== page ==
A Stone’s Throw Away is the glorious sound of a rhythm section centering tastefulness and synergy in their playing. Simplicity is key here; the listener is never at any point overwhelmed with sound, and the musicians make a point of ceding space to each other whenever needed. This creates a unique feeling of cleanliness, by removing all superfluous clutter in the arrangements and ensuring no ideas are suppressed.
Concerning the ideas present on the album, it’s a goldmine of infectious melody writing. It is quite the feat that across 11 tracks (all of which were composed by guitarist Ron Ledoux and arranged by bassist Gilbert Joanis), neither the qualities of originality nor sophistication diminish in the slightest. It’s truly one of those albums that leaves an indelible enough impression to the point where the entire track list is immediately singable upon initial exposure. From the tenderness of Windmills to the unison guitar/bass chorus in Get It Out of Here, the consistency is astounding. The phrases are structured in a way that they possess a vague sense of familiarity and nostalgia, almost making it feel like these songs have existed since the beginning of time.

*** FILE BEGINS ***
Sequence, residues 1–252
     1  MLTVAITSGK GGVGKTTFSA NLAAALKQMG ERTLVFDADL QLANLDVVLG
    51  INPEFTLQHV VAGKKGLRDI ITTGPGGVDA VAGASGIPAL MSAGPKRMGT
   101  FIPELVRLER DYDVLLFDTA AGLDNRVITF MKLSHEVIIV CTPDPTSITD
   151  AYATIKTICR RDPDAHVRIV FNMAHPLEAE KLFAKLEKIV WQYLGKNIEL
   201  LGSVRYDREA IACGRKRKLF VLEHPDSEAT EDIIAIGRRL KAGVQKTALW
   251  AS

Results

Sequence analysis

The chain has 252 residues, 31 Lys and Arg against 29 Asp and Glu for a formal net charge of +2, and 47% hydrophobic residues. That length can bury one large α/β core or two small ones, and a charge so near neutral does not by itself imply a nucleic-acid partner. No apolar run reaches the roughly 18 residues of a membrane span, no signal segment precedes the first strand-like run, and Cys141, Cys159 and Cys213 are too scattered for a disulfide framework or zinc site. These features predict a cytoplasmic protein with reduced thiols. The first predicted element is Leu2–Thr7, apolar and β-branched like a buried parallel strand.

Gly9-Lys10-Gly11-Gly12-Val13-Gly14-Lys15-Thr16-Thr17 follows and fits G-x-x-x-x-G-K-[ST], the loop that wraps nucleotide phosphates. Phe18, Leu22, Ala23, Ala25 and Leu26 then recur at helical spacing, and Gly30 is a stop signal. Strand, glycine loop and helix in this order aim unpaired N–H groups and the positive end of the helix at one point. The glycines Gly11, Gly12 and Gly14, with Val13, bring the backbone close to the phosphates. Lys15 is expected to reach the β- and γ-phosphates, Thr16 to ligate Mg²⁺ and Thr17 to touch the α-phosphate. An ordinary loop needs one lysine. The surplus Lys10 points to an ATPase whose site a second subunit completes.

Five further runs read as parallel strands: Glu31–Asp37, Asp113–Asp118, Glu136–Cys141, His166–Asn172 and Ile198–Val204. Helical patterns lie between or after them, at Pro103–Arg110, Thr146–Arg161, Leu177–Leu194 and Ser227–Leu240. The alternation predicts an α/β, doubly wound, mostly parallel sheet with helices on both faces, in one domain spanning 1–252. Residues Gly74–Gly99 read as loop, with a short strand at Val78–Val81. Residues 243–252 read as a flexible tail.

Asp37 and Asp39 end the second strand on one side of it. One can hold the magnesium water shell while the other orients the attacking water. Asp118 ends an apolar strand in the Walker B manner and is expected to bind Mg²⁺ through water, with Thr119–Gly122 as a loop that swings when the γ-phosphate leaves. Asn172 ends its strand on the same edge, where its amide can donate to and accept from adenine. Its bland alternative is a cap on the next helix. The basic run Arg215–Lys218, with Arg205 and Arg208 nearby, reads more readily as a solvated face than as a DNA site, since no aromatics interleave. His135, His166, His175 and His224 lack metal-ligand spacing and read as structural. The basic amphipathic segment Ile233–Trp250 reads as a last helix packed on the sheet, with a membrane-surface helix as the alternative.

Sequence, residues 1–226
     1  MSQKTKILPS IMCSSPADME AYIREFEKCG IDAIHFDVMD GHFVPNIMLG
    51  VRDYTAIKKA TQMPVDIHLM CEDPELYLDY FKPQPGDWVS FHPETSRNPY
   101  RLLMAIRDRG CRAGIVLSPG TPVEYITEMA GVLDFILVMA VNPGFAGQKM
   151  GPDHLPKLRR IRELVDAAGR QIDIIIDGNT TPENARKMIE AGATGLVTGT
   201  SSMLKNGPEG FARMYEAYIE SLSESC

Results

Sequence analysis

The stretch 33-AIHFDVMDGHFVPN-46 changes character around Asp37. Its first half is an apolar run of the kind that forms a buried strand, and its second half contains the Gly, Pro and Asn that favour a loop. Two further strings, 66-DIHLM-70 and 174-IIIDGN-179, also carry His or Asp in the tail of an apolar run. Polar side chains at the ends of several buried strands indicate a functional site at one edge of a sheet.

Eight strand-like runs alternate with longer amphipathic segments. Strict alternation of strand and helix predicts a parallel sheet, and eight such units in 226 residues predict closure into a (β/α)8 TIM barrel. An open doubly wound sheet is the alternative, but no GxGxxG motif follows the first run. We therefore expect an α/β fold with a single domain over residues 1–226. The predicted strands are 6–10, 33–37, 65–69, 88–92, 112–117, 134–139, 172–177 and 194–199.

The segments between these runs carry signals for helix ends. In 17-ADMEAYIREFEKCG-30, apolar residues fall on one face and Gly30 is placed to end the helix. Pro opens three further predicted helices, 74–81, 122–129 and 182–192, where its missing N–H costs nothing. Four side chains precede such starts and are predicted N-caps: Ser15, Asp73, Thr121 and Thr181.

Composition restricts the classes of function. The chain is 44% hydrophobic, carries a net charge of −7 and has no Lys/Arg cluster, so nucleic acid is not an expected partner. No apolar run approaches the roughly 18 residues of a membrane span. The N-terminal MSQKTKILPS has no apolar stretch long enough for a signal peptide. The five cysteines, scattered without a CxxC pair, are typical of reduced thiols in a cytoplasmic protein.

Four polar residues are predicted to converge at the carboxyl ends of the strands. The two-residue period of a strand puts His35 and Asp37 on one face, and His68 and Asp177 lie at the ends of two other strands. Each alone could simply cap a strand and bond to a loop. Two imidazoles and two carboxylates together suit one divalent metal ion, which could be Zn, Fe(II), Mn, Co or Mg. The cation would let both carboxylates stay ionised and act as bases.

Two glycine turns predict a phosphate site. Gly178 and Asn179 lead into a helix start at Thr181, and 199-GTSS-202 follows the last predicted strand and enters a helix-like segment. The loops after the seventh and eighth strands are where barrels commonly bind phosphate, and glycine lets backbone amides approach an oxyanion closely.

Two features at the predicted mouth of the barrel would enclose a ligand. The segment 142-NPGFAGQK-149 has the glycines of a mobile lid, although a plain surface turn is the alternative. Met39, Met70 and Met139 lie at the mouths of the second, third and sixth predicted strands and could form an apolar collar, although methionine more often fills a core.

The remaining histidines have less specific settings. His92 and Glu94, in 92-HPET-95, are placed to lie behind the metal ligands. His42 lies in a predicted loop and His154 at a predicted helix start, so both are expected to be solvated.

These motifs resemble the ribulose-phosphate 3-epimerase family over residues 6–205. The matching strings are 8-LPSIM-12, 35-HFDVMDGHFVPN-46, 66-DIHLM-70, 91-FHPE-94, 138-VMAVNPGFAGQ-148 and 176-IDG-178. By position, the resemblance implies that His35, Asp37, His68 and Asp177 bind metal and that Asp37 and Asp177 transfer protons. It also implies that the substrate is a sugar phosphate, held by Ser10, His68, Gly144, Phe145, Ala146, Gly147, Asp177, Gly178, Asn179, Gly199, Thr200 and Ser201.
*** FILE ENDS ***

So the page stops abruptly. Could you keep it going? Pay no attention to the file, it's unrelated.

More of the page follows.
The band’s approach to improvising complements the existing moods perfectly, opting for concision and clarity as points of emphasis. Joanis and drummer Rich Irwin’s musical bond borders on the clairvoyant at times and adds another level of vitality to the music.